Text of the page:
Santa Monica Beach, the last day beaches were open to the public (c) Barbi Appelquist, 2020

As a human species, we share common experiences of this COVID-19 pandemic: most are quarantined, many have lost their jobs and are at risk of losing a roof over their heads. Every country on our planet, except Antarctica, has at least one confirmed case of COVID-19. Yet based on our nationality, gender, wealth, age, sexuality, marital status, government structure, employment status, housing status, and other demographic identifiers, our experiences are different. 

Crises are depressing, shocking, exhausting, and life-altering. When you are stuck in a crisis that in theory has an end but one you’ve never seen, the crisis feels like the new normal. For some, this pandemic means every day is pajama day, for others it is sleeping in their car so not to expose their children to the virus. For the vast majority of Americans, this is the first time many have had to face the unknown. Over the past three-and-a-half months, I’ve reached out to friends and family to hear their stories, especially those who have faced crisis and death before. For the more than 15 million cancer survivors in the U.S., living in the unknown is not new. Quarantines, social distancing, face masks; these are ghosts from our past. 

Limiting exposure to others was something I grew up with during the first 3 years of my life when I was diagnosed with hepatoblastoma (pediatric liver cancer), and underwent multiple surgeries and years of radiation and chemotherapy. I lived it again at 34 years old when I was diagnosed with my second cancer, a soft tissue sarcoma, and endured weeks of hospitalization, treatment, and invasive surgery.

My cancer scars from over the years have healed and this April, I celebrate eight years cancer-free. “No Evidence of Disease.” I hope to, anyways. Because of the coronavirus, I pushed my annual visits to the hospital laboratory, radiology, and oncology departments one month to avoid the contagion’s anticipated peak dates. I’m cautiously optimistic that I will be cancer-free and that my visit to the hospital for my scan will not lead me to a COVID+ diagnosis. I am choosing to not live a life in fear. I choose to have faith in a future, even if I have to wear a mask again.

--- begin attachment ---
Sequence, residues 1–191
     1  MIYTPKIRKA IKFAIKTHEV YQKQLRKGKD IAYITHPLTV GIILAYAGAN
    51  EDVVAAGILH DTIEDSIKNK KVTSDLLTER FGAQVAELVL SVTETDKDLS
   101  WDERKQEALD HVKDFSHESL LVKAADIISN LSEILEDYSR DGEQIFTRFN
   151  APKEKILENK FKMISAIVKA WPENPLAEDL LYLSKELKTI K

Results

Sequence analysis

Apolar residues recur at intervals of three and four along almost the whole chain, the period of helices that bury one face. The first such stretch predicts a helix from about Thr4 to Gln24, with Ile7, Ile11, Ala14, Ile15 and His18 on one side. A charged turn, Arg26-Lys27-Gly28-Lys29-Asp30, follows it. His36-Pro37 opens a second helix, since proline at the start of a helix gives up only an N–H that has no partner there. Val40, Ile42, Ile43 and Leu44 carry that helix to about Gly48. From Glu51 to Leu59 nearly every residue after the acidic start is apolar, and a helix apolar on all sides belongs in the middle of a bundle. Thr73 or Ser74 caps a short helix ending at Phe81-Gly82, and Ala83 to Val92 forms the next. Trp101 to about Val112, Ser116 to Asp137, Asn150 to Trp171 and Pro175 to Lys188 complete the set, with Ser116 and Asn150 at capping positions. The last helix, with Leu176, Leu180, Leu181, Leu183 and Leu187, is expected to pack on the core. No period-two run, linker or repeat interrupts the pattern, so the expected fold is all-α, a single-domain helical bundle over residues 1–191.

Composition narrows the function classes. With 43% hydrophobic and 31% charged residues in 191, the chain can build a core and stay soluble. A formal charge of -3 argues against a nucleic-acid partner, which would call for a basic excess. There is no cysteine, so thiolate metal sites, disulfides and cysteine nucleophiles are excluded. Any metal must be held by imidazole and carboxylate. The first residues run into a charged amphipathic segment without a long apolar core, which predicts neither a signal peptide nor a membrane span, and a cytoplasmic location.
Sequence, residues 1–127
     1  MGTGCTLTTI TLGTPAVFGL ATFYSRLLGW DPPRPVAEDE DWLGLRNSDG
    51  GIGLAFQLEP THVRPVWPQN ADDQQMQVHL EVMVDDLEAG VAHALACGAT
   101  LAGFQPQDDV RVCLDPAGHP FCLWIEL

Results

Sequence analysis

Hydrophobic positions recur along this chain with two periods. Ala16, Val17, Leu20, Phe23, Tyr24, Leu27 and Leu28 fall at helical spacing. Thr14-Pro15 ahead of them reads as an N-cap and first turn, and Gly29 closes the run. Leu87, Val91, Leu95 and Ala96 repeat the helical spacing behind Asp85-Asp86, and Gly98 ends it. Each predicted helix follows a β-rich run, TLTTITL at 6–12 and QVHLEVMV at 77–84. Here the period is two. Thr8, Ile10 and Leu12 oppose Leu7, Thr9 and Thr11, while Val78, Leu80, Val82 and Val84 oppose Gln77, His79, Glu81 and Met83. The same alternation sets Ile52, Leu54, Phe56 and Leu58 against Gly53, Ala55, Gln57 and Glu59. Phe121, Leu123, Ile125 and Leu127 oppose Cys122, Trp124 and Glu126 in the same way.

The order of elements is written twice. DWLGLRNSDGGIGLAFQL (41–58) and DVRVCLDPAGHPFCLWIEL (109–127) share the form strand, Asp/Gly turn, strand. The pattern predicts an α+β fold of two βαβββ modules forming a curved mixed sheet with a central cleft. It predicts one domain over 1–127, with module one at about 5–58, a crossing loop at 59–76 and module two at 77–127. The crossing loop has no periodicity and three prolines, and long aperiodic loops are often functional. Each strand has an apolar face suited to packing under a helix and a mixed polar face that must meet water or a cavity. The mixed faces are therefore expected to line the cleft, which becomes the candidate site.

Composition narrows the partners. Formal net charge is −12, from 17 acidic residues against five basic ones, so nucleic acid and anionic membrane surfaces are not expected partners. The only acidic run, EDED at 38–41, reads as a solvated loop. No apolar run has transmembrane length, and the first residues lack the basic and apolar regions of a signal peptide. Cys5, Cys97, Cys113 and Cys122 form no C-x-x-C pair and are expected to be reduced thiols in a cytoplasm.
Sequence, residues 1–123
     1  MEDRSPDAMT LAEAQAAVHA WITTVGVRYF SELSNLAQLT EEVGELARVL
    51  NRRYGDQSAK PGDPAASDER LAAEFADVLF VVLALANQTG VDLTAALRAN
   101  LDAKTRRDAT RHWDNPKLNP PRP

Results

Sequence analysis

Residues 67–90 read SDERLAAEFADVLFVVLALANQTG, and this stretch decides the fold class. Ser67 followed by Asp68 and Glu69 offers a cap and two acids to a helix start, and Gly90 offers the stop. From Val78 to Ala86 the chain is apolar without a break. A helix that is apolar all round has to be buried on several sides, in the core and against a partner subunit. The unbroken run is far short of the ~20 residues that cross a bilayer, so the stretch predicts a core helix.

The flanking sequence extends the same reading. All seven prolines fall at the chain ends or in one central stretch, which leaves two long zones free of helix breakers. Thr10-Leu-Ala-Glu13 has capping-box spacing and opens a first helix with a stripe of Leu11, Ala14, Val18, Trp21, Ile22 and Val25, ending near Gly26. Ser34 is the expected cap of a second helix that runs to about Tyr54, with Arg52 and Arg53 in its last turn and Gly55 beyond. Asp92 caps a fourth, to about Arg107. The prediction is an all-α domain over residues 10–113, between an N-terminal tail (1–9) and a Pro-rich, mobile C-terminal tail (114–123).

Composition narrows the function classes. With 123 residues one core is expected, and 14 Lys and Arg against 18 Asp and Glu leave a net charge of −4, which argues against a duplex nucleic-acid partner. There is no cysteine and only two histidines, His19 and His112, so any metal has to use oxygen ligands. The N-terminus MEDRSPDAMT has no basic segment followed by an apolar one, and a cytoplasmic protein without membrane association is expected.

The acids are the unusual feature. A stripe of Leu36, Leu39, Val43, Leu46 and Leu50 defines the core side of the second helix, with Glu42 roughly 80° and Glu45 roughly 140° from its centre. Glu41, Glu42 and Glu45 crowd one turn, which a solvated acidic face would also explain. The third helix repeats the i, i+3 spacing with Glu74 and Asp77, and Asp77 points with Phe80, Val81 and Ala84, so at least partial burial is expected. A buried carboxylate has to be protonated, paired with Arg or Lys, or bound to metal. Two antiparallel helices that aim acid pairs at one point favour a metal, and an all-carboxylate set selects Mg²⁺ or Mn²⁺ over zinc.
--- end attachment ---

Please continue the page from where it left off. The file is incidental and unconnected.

In a medical crisis, you trust the science, your physicians, your nurses. You are forced to be patient with procedures, the process, the results and even yourself. You usually blame yourself for not knowing better, not going to the doctor sooner, for sitting in the sun too long or not exercising enough. But eventually, as you go through thousands of vials of blood draws, bags of iv fluids, and boxes of tissues, most of us find faith. Faith in a future. Even for those I know whose life on earth ended because of cancer, their faith endured.

I have hope that this pandemic will follow the trajectory of the past. After most are tested and treated and others receive a vaccine, things will return to normal. We must mourn the losses: people who died from the virus, jobs lost, careers ended, rites of passage left uncrossed. There is no one way to make all of that better. As my 12-year old daughter says, “It sucks.” Pretending otherwise ignores the obvious and makes those who are suffering feel invisible.

So recognize the loss, take in the present, then look towards the future. There is a bright tomorrow ahead, even if we don’t yet know what that looks like or when tomorrow will come.